admin March 31st, 2008
Posted In: Uncategorized
How to Install FreeBSD 6.2 on an Acer Aspire 3690
First Step: Install a fresh copy of FreeBSD 6.2
1) Getting the sound card to work:
The soundcard uses the snd-hda module, which is not supported by the 6.2 kernel. However, the latest snapshot of the 6.x series kernel does support it, so we must update our kernel. To do so, do the following:
1. Create a CVS sup called supfile file with the following:
*default tag=RELENG_6 #(do NOT use RELENG_6_2, or you won’t get the new kernel)
*default release=cvs delete use-rel-suffix compress
2. Now, issue the command ‘cvsup supfile’
3. When the updated kernel source tree is fully downloaded, copy /usr/src/sys/crypto to /usr/local/src/sys/crypto (for some reason, this subdirectory is missing from the more up-to-date version of the kernel source tree, which results in compile-time errors.)
4. Edit the file /usr/local/src/sys/conf/newvers.sh and change ‘RELEASE’ from 6.3 to 6.2 and ‘BRANCH’ from PRERELEASE to RELEASE. This is a rather clumsy hack, but it’s the only way to ensure that the user will continue to be able to download packages for the 6.2 RELEASE version of FreeBSD, since, while the userland is 6.2, the OS’s version is determined by the kernel’s version.
5. Copy /usr/local/src/sys/i386/conf/GENERIC to /usr/local
6. Open the ERACKS kernel configuration file and do the following:
– delete all the ‘cpu’ directives at the top except for I686_CPU
– change ‘ident GENERIC’ to ‘ident ERACKS’
– disable unneeded device drivers (be careful to only disable those you know for a fact won’t be used; you can get rid of the serial and parallel port drivers for example, since there are no serial or parallel ports on the laptop)
7. When the source tree is prepared, move /usr/src/sys to /usr/src/sys.old, and move /usr/local/src/sys to usr/src/sys
8. cd to /usr/src and type the command “make buildkernel KERNCONF=ERACKS”
9. If the build was successful, type the command “make installkernel KERNCONF=ERACKS”
10. Reboot the computer and make sure it comes up successfully
Now, the sound card should be working.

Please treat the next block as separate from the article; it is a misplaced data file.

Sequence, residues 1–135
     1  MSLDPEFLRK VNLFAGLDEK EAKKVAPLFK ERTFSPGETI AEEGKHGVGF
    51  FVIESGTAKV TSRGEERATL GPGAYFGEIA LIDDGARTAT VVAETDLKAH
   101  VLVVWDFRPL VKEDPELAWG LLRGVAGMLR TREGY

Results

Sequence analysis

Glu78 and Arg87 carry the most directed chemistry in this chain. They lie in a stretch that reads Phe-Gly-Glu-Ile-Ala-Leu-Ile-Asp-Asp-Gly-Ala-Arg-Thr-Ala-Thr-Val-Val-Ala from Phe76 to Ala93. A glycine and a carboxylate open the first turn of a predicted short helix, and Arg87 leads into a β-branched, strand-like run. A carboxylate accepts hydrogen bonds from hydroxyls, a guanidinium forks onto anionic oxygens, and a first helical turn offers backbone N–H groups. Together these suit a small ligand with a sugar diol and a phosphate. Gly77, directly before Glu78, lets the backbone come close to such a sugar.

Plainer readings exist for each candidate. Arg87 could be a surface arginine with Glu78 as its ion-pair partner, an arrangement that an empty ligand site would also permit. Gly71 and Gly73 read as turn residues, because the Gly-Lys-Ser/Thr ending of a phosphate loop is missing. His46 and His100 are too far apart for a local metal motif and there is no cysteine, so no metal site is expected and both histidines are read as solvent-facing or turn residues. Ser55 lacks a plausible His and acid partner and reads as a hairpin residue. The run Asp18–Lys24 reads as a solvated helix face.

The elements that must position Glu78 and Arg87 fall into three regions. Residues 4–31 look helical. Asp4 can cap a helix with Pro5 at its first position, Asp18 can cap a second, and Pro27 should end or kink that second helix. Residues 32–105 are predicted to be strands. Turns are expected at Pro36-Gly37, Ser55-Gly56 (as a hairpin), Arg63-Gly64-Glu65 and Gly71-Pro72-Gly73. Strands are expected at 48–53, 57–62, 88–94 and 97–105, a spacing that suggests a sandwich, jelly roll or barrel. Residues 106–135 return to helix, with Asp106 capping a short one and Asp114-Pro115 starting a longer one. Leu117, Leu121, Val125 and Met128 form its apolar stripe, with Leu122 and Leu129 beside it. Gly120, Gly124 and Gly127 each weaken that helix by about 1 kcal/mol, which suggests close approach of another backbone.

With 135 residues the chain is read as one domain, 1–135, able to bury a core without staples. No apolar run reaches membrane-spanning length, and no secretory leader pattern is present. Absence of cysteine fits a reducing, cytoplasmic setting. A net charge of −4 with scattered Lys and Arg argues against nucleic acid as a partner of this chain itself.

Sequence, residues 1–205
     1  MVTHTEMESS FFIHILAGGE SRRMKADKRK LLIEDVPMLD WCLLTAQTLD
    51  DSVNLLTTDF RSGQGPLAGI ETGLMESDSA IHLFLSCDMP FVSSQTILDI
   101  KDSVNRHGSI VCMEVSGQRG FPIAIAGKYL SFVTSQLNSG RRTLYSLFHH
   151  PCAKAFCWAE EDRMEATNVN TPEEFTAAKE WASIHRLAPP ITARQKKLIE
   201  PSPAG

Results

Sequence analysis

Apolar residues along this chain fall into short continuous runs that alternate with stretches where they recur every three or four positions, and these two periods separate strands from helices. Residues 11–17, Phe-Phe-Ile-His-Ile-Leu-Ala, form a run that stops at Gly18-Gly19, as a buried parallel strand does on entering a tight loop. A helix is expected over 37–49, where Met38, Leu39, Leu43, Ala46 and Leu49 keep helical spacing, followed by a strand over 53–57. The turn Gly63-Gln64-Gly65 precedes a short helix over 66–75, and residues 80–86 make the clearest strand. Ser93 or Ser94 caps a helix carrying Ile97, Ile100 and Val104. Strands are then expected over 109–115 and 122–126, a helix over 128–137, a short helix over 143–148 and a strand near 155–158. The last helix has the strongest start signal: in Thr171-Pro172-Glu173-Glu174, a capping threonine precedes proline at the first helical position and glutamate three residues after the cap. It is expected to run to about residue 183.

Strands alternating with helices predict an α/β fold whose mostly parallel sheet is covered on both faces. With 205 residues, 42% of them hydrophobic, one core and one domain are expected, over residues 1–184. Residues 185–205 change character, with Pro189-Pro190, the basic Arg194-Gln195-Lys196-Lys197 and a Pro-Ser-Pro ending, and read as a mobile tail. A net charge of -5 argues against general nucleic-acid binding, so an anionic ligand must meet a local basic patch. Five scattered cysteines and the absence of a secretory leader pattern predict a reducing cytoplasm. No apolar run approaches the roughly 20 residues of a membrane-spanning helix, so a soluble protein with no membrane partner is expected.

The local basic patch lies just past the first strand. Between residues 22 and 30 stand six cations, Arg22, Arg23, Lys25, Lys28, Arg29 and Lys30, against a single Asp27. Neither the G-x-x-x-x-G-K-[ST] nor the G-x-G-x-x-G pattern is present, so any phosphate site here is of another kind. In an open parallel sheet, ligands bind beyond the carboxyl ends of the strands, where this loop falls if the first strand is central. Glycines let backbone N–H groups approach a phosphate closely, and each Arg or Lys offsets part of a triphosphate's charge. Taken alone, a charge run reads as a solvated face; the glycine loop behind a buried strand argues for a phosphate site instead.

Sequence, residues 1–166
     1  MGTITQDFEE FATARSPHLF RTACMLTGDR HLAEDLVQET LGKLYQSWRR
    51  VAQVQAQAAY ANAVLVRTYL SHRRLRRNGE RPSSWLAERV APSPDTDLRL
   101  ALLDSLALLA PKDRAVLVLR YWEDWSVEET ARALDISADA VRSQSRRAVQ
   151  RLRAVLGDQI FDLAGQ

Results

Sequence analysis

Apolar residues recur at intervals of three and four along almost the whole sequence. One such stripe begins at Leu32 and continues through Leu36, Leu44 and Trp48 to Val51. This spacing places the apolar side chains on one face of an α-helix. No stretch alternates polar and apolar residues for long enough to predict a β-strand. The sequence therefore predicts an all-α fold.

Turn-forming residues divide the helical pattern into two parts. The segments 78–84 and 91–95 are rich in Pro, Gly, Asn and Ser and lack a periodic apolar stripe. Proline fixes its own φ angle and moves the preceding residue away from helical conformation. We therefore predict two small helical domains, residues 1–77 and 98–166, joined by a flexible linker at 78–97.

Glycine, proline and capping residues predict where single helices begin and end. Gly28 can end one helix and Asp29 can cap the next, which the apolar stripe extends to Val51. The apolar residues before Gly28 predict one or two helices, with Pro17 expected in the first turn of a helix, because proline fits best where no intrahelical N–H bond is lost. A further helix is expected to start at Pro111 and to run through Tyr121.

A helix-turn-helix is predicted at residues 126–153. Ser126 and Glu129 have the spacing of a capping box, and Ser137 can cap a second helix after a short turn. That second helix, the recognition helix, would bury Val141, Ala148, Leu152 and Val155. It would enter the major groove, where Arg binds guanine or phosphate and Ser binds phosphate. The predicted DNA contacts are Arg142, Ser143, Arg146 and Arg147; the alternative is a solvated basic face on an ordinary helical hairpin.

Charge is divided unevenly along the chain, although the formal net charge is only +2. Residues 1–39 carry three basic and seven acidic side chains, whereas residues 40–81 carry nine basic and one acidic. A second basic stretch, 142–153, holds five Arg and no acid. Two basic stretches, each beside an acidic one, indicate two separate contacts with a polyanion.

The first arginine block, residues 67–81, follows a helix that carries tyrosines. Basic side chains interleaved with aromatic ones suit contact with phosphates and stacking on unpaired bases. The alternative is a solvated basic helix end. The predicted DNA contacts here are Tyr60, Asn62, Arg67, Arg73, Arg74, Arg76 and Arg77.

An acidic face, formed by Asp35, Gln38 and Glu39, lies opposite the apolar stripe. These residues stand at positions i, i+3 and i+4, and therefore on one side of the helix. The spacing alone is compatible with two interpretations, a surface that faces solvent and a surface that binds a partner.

2) Getting the wireless to work:
Unfortunately, there are no native FreeBSD drivers for the wireless. However, there is an ndis wrapper in the FreeBSD kernel that will allow us to use Windows drivers for this card.
1. Download the file http://ftp.us.dell.com/network/R94827.EXE. Just in case this link doesn’t work, a copy of this driver will also be kept at eRacks. Even though the laptop is an Acer, trying to use the Acer driver will fail (not sure why.) The Dell driver, while intended for another laptop, supports the same wireless chipset, and will suit our needs.
2. On a Windows machine (or with WINE), run the self extracting archive, and copy bcmwl5.inf and bcmwl5.sys to the FreeBSD laptop (these files will be extracted when you run R94827.EXE.)
3. In the directory where the two above mentioned files are stored, issue the command “ndisgen bcmwl5.inf bcmw5l.sys”. Accept all the defaults, pressing enter for each one, and a resulting .ko kernel object will be built. This is the “FreeBSDized” Windows driver that will support the wireless card.
4. Copy the resulting object file to /boot/modules
5. Edit /boot/loader.conf and add the following line: “bcmwl5_sys_load=”YES”
6. Reboot the machine, and verify the wireless card is working by issuing the command “ifconfig -a.” Observe that there is a device named ndis0.
That’s it! All the other devices are supported out of the box. The only exception is that the graphics adapter is only supported through generic VGA. The Intel 945GVM is supported in FreeBSD 7.0, but that is currently unstable.
admin March 31st, 2008
Posted In: Uncategorized